Daybreaking Live by ROZ VITALIS album cover Live, 2020
4.06 | 19 ratings

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Daybreaking Live
Roz Vitalis RIO/Avant-Prog

Review by octopus-4
Special Collaborator RIO/Avant/Zeuhl,Neo & Post/Math Teams

4 stars When the sound quality and the performance of a live album are so good to make it sound like a studio album, it's amazing. This live effort of Roz Vitais has exactly that quality. With a quite huge discgraphy including lives and compilations I can't be 100% sure, but I think that the excellent opener "Wides" is unreleased on studio. The middle part of the track with a repetitive bass line and a sort of obsessive lead guitar is a perfect introduction to the newagey part dominated by flute and electric piano which later goes uptime. A great instrumental which sets the mood. Good start. Only the sound of the drums reveals that it's a live execution. The crescendo is completed by a distorted guitar which turns to clear when the track slows down a bit.

I may be wrong, but also the title track sound "previously unreleased" to my ears. Not too different from the first track for what concerns the mood, but darker. The arabesque keyboard in the background adds a touch of ethicity but only if you pay enough attention. Then the final section, very melodic, arrives. It's likely because of the flute, but this part sounds very close to Camel of the late 70s or even to the Japanese Bellaphon. At the end, we can hear the first applause. So it's really a live...

Nepsis, from the album Lazarus is one of the tracks which justifies the inclusion in the RIO/Avant section of PA. Let's say that when in a single track you put an Emerson-like keyboard and a Fripp-like guitar adding a touch of weirdness in the central section, the subgenre classification means almost nothing. Also because when it exits the short chaotic part it acquires a particular taste. Maybe I'm not in a good metal shape, but what I hear is a mixture of Debussy and Gentle Giant. Something that I can't really explain in words.

The short duo "Loro con Dolcezza..." is, I think, another new track. I don't knw why tis he Rozmainski's band so used in giving the tracks titles in Italian. It means "Them, with sweetness and courtesy". It fades into "Fret not thyself.." whose studio version is on "The Hidden Man of Earth", their 2018 studi release. Here the effect of playing it live is evident as it's a little accelerated, it seems to me, respect to the studio version. Anyway it's another great track fronted by the guitar.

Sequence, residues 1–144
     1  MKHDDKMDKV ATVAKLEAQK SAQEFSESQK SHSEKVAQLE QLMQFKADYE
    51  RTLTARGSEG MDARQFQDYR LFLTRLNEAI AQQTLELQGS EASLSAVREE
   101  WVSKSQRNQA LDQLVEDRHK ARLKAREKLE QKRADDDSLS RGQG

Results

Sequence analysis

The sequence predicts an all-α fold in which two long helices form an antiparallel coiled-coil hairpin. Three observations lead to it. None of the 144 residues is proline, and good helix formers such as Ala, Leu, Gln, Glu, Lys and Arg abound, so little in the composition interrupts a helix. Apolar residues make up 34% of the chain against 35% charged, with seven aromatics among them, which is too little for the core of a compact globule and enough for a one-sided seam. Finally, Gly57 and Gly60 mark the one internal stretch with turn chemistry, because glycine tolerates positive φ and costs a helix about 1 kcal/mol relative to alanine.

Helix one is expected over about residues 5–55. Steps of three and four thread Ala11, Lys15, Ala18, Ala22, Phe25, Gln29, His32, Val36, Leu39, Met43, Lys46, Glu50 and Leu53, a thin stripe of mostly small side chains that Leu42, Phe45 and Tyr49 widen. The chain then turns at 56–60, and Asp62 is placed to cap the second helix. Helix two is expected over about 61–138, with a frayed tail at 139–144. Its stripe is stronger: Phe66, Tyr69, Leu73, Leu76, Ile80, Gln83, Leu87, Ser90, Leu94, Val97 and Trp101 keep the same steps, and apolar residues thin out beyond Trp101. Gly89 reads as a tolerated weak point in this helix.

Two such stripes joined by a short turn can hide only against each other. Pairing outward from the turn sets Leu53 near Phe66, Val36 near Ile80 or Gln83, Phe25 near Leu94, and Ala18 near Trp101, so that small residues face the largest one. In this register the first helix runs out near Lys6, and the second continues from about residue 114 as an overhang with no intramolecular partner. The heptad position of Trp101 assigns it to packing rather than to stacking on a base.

Patience of Hope is the first Roz Virtalis album that I've listened to, and it's nice finding this drreamy atmpspheric track, even if it's not the first time that it ends on a live album. Probably it's one is which Ivan Rozmainski has more feelings. It doesn't miss the dreamy soundscape even when the guitar takes the lead with a riff that could be called Gilmourian if it wasn't for the distortion. Mother of all Rain: the title describes it very well.

Strangers and Pilgrims is another track which I don't think I've found on a studio album before. Not bad but the intro takes too long I think. When it ends there's a harpsichord sound which introduces the electric piano. Another stop and a change with the guitar with a lot of chorus in the background and the bass riff that takes the lead until the whole band enters. This track is made f short circular sections with themes coming and going, repeating and disappearing. So, intro apart, It's a very good track which deserves the definition of "progressive". A sort of short epic with a touch of classical feeling.

The performance ends with Psalm 6, which is probably one of the ost well-known tracks of this band, again from the 2018 album. It starts uptime and full of rhythm. Excellent as closer, it makes me think to Niacin, just to give the idea, but it's clearly a Roz Vitalis track. The chord sequence is not particulariy original but 4 chords can be enough if used in this way. It reminds me again to Bellaphon and Camel. The coda has a bit of Lady Fantasy, but without being derivative. Excellent as closer for a live. I can understand the word "Spassiba" in the seech to the public that I suppose has left the concert very satisfied.

Excellent live album from an excellent band.

.

 Daybreaking Live by ROZ VITALIS album cover Live, 2020
4.06 | 19 ratings

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Daybreaking Live
Roz Vitalis RIO/Avant-Prog

Review by siLLy puPPy
Collaborator PSIKE, JR/F/Canterbury & Eclectic Teams

4 stars Continuing to deliver a steady stream of excellent prog albums from St Petersburg, Russia, the avant-prog band ROZ VITALIS continues on with still more new material only this time much of it is delivered for the first time in the form of a live album in the first month of 2020. DAYBREAKING LIVE was recorded at Babooinumfest, the progressive rock festival organized by Sergey Gorchaninov and his band OT&DO but despite being a live release primarily consists of unheard musical bliss not yet available as studio recordings. Most of the material stems back to the years 2018-19 and was written after the release of "The Hidden Man Of The Heart" but pretty much continues the legacy of mixing disparate styles of classical prog elements into a hypnotic display of excellent musicianship.